Kakuryu beaten by Okinoumi


Ozeki Kakuryu’s yokozuna bid took a dent on Tuesday as he was handed a first defeat at the hands of rank-and-filer Okinoumi on the third day of the Spring Grand Sumo Tournament.

Yokozuna Hakuho, meanwhile, feted his 29th birthday in style with a demolition of youngster Endo, winning convincingly on the day that also marked the third anniversary of the 2011 Great East Japan Earthquake.

Hakuho, who coincidently is gunning for his 29th career championship, shares the early lead with seven wrestlers at 3-0, the group featuring fellow yokozuna Harumafuji who missed the entire New Year Basho due to an injured left ankle.

Kakuryu, who has been tasked with winning the tournament with at least 13 wins for any real consideration for a place at sumo’s top rank, was immediately put on the back foot and retreated without a fight as Okinoumi improved to the same 2-1 mark.

“I was really focused. I just wanted to get inside quickly and take control of the bout,” said Okinoumi, who won his third consecutive match to improve to 4-7 in career bouts against the ozeki.

In the day’s finale at Bodymaker Colosseum, Hakuho sent Endo (0-3) sprawling in a matter of seconds, putting a damper on the mood of sumo fans who’ve been rooting for the top maegashira in his fourth appearance in the top flight.

Endo, whose face was a patchwork of scrapes and scratches after his run-ins from the first two days, was trying to match former ozeki Musoyama’s record mark of just seven tournaments since his debut to get his first kinboshi, or maegashira win over a yokozuna.

Harumafuji, who thrashed Endo on Monday after the latter’s loss to Kakuryu on Sunday, was not fazed in the least by a false start by Mongolian countryman Tamawashi (0-3), quickly administering a smack-down of the No. 1 maegashira once the bout got under way.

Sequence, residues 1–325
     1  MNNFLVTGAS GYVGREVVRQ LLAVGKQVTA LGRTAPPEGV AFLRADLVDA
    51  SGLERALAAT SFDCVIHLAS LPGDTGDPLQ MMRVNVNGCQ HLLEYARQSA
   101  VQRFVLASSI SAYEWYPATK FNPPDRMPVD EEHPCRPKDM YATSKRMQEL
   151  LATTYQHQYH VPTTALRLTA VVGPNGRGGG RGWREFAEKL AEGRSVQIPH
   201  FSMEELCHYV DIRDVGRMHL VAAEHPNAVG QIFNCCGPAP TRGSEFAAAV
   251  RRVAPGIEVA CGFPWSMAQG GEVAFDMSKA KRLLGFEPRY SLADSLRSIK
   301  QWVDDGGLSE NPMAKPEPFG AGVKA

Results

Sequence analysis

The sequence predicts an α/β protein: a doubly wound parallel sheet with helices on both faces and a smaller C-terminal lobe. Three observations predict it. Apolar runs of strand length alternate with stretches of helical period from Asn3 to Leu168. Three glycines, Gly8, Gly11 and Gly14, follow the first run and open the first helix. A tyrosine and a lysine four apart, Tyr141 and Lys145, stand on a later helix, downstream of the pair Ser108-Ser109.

Kisenosato, who failed in his second bid at yokozuna last time out and is facing demotion for the first time, won his third straight with a bulldozing of winless Shohozan.

Kotoshogiku, who has been hampered by an injured right shoulder, finally got his torso grind-out technique working to force out Tochinowaka (1-2) by yorikiri for a second win.

Kyokutenho, who will be 40 this September, posted his career 872nd victory to match sumo legend Taiho’s mark for fifth on the all-time list with a yorikiri shove-out of Chiyotairyu (1-2).

“Everyone had been telling me about it, but I never thought I would make it this quickly,” said Kyokutenho, who became the oldest to win a makuuchi championship in May 2012.

The Japan Sumo Association held a moment of silence with spectators queued up to enter the auditorium in remembrance of those who lost their lives in one of country’s worst disasters in its history before sumo’s top echelon was introduced.